Aussie sailor Wearn set for Olympic gold

Melissa WoodsAAP
Australian sailor Matt Wearn has an unassailable lead in the men's Laser class at the Tokyo Games.
Camera IconAustralian sailor Matt Wearn has an unassailable lead in the men's Laser class at the Tokyo Games. Credit: EPA

Matt Wearn has continued Australia's domination of the Olympic Laser class, taking an unassailable lead before the final medal race in Tokyo.

The 25-year-old sailor must simply complete the final course on Sunday without disqualification to secure a gold medal in his Olympic debut.

Australia has had a stranglehold on the event since London 2012, where Tom Slingsby clinched gold followed by Tom Burton in Rio five years ago.

Banking a 12th and eighth place in the ninth and 10th races late on Friday in the waters off Enoshima, Wearn extended his lead over his nearest rival Norwegian Hermann Tomasgaard to 22 net points.

With only 20 points on offer in the double-point 10-man medal race, it means he can't be caught.

Wearn, from Western Australia, said his winning position hadn't quite sunk in.

"I'm sure that once I get home and I'm in the solitude of my room, the emotions will come over me," he said.

"To be like this is and to be able to go out and enjoy the experience, I couldn't ask for more."

Wearn looked way off the pace early in competition, finishing 17th and 28th in the first two heats, but found his rhythm to place no lower than fourth, including two wins, across the next six rounds.

""There was that little bit of doubt. After race two on day two, I put myself in a pretty big deficit.

"These guys out here are amazing sailors and they're not going to relinquish the lead if they've got one.

"I knew I had to fight and that's what I did, and we've come out on top."

Meanwhile, Rio Olympics silver medallists Mat Belcher and Will Ryan are also on track for gold in the men's 470.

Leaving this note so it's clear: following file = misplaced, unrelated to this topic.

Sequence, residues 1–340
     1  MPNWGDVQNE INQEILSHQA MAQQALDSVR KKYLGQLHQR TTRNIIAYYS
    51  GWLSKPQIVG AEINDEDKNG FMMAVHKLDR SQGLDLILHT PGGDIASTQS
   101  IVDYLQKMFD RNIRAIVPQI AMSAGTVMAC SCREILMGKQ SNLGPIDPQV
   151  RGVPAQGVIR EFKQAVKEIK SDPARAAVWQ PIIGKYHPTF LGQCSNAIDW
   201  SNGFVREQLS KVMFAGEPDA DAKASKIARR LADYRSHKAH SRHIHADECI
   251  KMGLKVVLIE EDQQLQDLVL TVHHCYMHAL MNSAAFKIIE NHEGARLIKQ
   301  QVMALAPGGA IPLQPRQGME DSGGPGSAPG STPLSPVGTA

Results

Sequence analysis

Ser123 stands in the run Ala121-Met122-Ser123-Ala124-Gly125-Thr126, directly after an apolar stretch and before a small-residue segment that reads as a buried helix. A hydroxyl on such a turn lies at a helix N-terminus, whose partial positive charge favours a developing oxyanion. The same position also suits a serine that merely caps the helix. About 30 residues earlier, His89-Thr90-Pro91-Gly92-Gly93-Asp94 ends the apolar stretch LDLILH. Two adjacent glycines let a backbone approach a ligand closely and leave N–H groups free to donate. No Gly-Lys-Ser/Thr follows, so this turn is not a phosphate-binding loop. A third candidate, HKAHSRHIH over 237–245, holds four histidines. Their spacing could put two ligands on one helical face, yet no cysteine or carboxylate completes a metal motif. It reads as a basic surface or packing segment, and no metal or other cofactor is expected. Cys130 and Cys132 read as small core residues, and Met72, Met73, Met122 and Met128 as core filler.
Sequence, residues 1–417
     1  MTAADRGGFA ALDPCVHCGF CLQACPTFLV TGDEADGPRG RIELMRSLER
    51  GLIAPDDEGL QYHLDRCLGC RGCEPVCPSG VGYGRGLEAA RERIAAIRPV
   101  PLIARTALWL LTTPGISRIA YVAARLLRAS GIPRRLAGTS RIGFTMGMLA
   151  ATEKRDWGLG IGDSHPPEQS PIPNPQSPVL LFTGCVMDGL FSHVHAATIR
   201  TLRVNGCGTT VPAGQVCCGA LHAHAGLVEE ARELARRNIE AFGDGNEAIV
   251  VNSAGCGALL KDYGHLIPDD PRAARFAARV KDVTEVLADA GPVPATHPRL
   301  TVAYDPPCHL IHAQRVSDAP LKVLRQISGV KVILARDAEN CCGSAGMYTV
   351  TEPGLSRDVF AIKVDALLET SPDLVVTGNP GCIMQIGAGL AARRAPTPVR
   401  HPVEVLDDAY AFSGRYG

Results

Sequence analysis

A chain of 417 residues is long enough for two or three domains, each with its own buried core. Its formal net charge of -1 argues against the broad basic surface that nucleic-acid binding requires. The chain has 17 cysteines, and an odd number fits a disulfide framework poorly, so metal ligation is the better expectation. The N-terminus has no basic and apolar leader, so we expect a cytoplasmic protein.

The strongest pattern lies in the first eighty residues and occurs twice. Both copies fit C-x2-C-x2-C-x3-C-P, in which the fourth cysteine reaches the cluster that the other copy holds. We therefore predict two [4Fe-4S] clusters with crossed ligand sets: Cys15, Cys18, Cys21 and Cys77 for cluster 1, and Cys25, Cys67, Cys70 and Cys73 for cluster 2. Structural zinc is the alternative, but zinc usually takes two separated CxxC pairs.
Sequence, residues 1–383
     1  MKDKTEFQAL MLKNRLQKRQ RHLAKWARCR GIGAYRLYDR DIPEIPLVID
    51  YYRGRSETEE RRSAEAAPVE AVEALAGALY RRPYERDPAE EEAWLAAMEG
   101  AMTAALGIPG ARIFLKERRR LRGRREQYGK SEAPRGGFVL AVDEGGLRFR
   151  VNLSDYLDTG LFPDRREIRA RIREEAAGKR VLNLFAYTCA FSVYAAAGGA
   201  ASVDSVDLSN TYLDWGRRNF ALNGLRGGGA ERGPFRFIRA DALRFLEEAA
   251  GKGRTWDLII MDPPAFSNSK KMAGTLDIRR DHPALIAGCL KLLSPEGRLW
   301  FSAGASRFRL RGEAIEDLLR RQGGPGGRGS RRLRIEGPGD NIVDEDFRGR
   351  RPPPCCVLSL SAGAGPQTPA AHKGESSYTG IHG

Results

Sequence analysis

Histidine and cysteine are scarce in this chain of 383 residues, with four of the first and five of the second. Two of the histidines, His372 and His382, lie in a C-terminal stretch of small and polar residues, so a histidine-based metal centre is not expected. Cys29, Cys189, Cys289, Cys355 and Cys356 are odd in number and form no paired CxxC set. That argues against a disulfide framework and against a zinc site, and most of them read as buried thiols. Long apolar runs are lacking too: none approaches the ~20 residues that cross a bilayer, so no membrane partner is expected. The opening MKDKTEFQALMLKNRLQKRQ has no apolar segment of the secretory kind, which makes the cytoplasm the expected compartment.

Belcher and Ryan remain at the top of the Tokyo leaderboard with six of 10 regular races completed, holding off Brits Luke Patience and Chris Grube.

The Australians landed fourth in race five at Zushi, and then backed up with a third in the sixth outing.

They lead the British duo by 11 net points with four regular rounds remaining.

"We've really tried to work at being good all-rounders - we're not the smallest in the fleet, so it's always a bit of a struggle when conditions get lighter, but today was really encouraging," Belcher said.

"We've got tomorrow off so we'll have a good rest, and we'll come out fighting and do what we're doing."

In the women's 470, Australia's Monique de Vries and Nia Jerwood are 15th after completing their fifth and sixth races.

Victorian brothers Sam and Will Phillips, teaming up in the skiff 49er, had a rough day at Kamakura.

They were disqualified in race eight for starting early and then finished 19th in the ninth race. Currently 11th, they have three more races to push into the top 10 again.

Australia's women's 49er FX team of Tess Lloyd and Jaime Ryan are in a similar scenario, in 14th spot.

Young Queenslander Mara Stransky won her first Olympic heat in the one-woman Laser Redial although missed out on qualifying for Sunday's medal race, finishing in 14th place overall.

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